By Brian Maass
DENVER (CBS4) – Scott Martinez, Denver’s city attorney who had been under fire on several fronts, is stepping down with little explanation, according to an announcement from Denver Mayor Michael Hancock.
“Scott has been a dedicated public servant for our city throughout his time in my administration,” read the mayor’s release. “He has made this city stronger and better through his thoughtful leadership.”
The release didn’t cite any reasons for Martinez’s departure, and didn’t indicate if he had another job waiting, but noted his last day would be May 31.
CBS4 left a voicemail for Martinez and sent an email, neither of which was immediately returned. In the city news release, Martinez was quoted as saying, “I thank Mayor Hancock for this opportunity. The past 4 ½ years of service have been truly meaningful for me.”
Martinez departs from his position as the Denver district attorney is actively reviewing his and his office’s actions and conduct in responding to a CBS4 Colorado Open Records Act Request. In that case, Martinez’s top administrator, Nikki Holmlund, denied in writing the existence of a specific open record. However, CBS4 later obtained the precise document which the City Attorney’s Office had claimed did not exist.
Martinez said he believed “we were truthful throughout. We responded in a way that was consistent with the law and was truthful.” One expert on open records law said it appeared the City Attorney’s Office had blatantly lied about the existence of specific records. And in mid-March, the Denver District Attorney’s Office announced it would review what occurred and see if anyone had violated the Colorado Open Records Act.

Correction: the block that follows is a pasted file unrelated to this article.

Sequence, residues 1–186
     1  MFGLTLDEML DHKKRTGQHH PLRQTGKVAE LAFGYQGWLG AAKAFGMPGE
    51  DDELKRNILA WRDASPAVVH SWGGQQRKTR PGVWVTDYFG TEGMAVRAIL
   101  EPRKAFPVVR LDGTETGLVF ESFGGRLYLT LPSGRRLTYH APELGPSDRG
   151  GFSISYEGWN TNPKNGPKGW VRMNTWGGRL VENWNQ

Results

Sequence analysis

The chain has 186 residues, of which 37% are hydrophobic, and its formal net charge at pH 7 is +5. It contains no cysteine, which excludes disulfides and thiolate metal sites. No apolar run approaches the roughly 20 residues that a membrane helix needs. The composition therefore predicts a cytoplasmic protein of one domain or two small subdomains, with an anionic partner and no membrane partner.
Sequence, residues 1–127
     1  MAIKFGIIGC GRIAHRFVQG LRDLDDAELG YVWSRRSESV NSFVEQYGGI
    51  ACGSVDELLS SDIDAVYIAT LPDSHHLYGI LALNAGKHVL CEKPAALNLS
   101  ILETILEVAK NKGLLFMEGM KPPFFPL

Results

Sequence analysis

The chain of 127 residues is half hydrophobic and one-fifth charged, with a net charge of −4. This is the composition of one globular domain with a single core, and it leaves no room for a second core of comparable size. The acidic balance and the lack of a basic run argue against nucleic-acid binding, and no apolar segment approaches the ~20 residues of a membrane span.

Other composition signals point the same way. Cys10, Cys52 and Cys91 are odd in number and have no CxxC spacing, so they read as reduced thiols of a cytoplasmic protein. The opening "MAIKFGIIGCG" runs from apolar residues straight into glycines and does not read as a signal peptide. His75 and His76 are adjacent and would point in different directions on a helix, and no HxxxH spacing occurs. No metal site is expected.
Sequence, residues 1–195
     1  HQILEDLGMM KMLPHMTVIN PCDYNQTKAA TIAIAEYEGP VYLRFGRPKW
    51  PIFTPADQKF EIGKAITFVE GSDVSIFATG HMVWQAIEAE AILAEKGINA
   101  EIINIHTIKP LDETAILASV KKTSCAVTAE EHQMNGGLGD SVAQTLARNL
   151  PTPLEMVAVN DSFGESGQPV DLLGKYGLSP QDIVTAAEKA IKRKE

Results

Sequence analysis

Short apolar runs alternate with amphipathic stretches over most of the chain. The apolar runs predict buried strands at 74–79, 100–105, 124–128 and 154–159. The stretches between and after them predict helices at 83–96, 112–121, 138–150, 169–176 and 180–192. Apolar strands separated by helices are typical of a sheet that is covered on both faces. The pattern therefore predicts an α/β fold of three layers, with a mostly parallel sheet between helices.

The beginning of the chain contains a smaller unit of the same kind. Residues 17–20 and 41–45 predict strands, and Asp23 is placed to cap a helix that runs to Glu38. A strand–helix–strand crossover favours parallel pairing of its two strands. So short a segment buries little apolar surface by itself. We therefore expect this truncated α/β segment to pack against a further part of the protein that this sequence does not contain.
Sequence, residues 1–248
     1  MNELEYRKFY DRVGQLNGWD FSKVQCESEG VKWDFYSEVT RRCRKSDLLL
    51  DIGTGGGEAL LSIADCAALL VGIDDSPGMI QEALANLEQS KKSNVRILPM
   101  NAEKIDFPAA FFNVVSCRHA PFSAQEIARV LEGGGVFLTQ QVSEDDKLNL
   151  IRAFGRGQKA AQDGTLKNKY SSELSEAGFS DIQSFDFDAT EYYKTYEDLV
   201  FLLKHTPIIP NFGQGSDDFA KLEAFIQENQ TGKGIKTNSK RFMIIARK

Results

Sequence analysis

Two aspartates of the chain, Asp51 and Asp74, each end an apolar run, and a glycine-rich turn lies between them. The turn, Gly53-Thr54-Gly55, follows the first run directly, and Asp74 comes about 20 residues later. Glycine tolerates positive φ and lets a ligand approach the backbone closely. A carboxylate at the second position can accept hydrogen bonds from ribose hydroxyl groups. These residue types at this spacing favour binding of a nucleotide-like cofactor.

After more than six weeks, Lynn Kimbrough, communications director for the district attorney, told CBS4 that review is still ongoing.
“The district attorney is still trying to determine the appropriate course of action as it relates to the CORA issue,” said Kimbrough Tuesday afternoon.
CBS4 has also learned that Nicole Holmlund, a key figure in the open records investigation, departed from the City Attorney’s Office last week. In an announcement to staff members April 29, the City Attorney’s Office announced Holmlund was taking a job with the Mayor’s Office of the National Western Center.
The Hancock news release lauded Martinez’s role in creating a taxpayer protection unit, implementing retail sales of marijuana, and addressing issues surrounding public safety. However, Martinez’s handling of the case of Senior Assistant City Attorney Stuart Shapiro caused considerable controversy. Martinez placed Shapiro on paid leave for nearly two years during which Shapiro received two raises even though he did no work for the city and never reported to his office. Martinez put Shapiro back to work earlier this year only after a series of CBS4 investigations exposed what had occurred. Shapiro has now filed a whistleblower claim against the City Attorney’s Office.
Mayor Hancock plans to launch a search for the next city attorney as quickly as possible, according to his news release.